Hurricanes are Hard on Workbenches


I’m in Charleston, S.C., this week to inventory my father’s belongings and start figuring out what to do with his possessions and his house. I also have one important personal task: retrieve a workbench I loaned him many years ago so I can restore it.

I made the bench in 2002 or 2003 for Popular Woodworking (you can see it here), and it stayed in the shop until I loaned it to dad in 2009. Like many of my early benches, it’s made with yellow pine and Veritas bench bolts – still a great combination that I recommend for bench builders. These days, however, most of my customers prefer giant oak slabs.

After my bench moved south, it endured multiple hurricanes and tropical depressions, including Bonnie, Matthew and Irma. My dad’s house is in a low-lying area with the shop on the ground floor, so there were a couple times my bench was afloat during storm surges.

Today I took it apart. This process should take 10 minutes. But everything – everything – was rusted, jammed and degraded. Wood screws that should have accepted a Phillips head were rusted to the point where nothing would unscrew them (except a hacksaw). The metal drawer slides were about 50 percent rust and required lots of persuasion to expectorate their drawers.


But the wood was in surprisingly good condition. The laminated top hadn’t split. The Veritas Twin Screws still turned (despite heavy rusting) and even the plywood edge tape on the drawer cabinet was in perfect condition.

Tomorrow the bench begins its journey back north, where I will clean it, replace the rusted parts and true up the benchtop. It’s going back to work. And I hope the that worst weather it will ever see is a Midwestern thunderstorm.

— Christopher Schwarz, editor Lost Art Press
Personal site:

About Lost Art Press

Publisher of woodworking books and videos specializing in hand tool techniques.
This entry was posted in Uncategorized, Workbenches. Bookmark the permalink.

9 Responses to Hurricanes are Hard on Workbenches

  1. ctdahle says:

    You wrote: Wood screws that should have accepted a Phillips head were rusted to the point where nothing would unscrew them (except a hacksaw).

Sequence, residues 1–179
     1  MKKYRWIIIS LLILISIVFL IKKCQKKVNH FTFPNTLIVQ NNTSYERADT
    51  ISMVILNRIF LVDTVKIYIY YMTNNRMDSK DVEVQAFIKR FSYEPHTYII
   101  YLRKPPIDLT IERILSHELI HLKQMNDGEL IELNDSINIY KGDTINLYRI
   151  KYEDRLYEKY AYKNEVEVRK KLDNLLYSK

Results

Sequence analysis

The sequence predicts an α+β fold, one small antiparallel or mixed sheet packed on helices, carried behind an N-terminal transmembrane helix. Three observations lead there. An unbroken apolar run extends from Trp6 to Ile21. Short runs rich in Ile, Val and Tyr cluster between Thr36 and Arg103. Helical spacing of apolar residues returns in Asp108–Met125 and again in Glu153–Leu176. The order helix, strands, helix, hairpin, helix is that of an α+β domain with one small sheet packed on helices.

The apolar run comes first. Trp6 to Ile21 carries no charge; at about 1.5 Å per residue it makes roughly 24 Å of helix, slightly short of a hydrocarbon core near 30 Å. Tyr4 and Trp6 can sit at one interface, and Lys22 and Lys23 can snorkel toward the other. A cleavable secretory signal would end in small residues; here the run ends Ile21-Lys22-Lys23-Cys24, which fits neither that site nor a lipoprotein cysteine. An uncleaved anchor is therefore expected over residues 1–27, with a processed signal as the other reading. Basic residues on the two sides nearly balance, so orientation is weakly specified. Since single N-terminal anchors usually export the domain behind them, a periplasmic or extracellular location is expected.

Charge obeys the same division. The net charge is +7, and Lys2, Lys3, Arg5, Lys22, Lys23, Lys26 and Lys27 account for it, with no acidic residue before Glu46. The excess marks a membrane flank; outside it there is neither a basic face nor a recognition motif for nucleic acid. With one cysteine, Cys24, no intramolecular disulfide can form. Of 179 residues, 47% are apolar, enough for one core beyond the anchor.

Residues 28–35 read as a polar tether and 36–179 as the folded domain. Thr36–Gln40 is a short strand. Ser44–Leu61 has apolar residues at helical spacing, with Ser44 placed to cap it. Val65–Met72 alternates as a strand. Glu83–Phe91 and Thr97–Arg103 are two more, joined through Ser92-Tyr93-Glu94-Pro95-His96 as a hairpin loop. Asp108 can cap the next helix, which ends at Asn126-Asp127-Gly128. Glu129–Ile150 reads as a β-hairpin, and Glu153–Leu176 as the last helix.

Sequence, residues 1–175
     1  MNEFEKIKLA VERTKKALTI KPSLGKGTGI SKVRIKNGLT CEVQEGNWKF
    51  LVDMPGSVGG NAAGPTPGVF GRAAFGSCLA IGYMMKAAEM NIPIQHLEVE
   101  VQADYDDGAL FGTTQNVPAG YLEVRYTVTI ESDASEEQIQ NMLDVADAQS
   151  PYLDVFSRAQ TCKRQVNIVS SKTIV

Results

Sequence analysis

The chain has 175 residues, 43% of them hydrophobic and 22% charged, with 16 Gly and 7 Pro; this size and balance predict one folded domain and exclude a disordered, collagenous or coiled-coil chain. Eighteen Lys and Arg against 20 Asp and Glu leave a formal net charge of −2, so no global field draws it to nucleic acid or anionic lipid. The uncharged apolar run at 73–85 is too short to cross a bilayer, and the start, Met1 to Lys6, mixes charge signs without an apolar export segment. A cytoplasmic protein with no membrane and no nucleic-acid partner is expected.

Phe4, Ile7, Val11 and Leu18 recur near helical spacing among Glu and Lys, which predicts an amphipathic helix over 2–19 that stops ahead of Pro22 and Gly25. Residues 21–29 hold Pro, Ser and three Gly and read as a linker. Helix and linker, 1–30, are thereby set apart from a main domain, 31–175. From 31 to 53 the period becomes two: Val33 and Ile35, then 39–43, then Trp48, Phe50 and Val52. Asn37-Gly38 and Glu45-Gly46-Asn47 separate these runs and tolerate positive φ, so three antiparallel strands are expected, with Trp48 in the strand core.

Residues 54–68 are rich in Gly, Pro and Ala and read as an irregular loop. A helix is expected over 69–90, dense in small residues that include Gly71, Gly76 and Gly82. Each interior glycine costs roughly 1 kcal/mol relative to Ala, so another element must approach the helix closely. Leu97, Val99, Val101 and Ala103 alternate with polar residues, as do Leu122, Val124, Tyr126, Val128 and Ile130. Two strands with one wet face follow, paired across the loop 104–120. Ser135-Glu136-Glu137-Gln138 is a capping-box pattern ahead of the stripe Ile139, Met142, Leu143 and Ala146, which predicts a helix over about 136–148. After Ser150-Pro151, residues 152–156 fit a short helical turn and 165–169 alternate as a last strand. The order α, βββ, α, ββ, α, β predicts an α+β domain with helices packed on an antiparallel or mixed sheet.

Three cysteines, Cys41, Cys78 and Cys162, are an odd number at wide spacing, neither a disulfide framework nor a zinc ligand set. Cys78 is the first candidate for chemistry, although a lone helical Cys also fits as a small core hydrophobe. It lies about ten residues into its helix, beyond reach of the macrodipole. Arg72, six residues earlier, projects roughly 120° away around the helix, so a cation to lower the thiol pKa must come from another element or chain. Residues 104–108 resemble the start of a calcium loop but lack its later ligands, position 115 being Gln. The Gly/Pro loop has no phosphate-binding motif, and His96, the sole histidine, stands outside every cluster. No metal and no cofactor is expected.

I’ve had that problem and it finally occurred to me (after ruining a few things with hacksaws, crowbars and sledgehammers) that maybe penetrating oil wasn’t just for rusted bolts on sump-pumps and cylinder heads.


  2. Dave Bless says:

    I’ve made that journey Chris, and it’s not an easy one. Going through my fathers shop and tools after his passing brought more than a few tears. I imagine you’re going through the same. Good luck and hang in there.


  3. Wade Holloway says:

    Since you built most of the benches listed in the article you referenced and from what you said about the bench with drawer slides and Veritas twin screwed I can only assume the it is the Power Tool Bench that you gave your dad to use. Great looking bench but it sure is a lot different from the benches you build now a days.

    Good luck bring it home and hope you have a safe trip back.


  4. I honestly did not think you made that one.


  5. bronzy935 says:

    Chris I am so sorry to read of your loss of your Father: I know that pain. Stay strong.


  6. Mike Cerney says:

    Chris- I love to see something your dad possessed coming back online.
    Will you be sharing any photos of the lite restoration?


  7. Jack Kulze says:

    Chris, I live on the peninsula if you need a hand. Lost Art Press is awesome.


  8. Bill Morris says:

    Having legacy possessions with personal meaning is like a bridge to our past – funny how fond memories tend to come to our mind when we can reach out and touch these bridges 😊👍


Comments are closed.